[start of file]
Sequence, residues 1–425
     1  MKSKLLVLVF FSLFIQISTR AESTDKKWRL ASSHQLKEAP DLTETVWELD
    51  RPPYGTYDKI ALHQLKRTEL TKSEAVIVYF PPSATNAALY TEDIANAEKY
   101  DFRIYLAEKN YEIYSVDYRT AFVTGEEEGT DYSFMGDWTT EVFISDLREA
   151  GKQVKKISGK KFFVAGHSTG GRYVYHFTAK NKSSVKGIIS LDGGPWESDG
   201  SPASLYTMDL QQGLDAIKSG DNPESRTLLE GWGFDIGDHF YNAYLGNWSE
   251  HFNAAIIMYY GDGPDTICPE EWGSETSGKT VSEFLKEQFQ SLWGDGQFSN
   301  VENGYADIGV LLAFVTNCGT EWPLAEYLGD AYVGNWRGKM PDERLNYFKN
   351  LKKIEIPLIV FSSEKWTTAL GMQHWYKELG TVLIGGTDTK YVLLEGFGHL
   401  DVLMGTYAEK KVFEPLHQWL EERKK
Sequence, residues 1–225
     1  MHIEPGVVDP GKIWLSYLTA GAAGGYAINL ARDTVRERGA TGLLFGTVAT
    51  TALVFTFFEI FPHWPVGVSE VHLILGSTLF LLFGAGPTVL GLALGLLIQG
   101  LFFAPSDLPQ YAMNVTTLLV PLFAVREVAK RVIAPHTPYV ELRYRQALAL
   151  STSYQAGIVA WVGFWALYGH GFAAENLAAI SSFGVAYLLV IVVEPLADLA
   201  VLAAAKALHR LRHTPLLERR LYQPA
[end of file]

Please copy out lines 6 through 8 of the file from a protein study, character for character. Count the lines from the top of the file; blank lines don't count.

   201  SPASLYTMDL QQGLDAIKSG DNPESRTLLE GWGFDIGDHF YNAYLGNWSE
   251  HFNAAIIMYY GDGPDTICPE EWGSETSGKT VSEFLKEQFQ SLWGDGQFSN
   301  VENGYADIGV LLAFVTNCGT EWPLAEYLGD AYVGNWRGKM PDERLNYFKN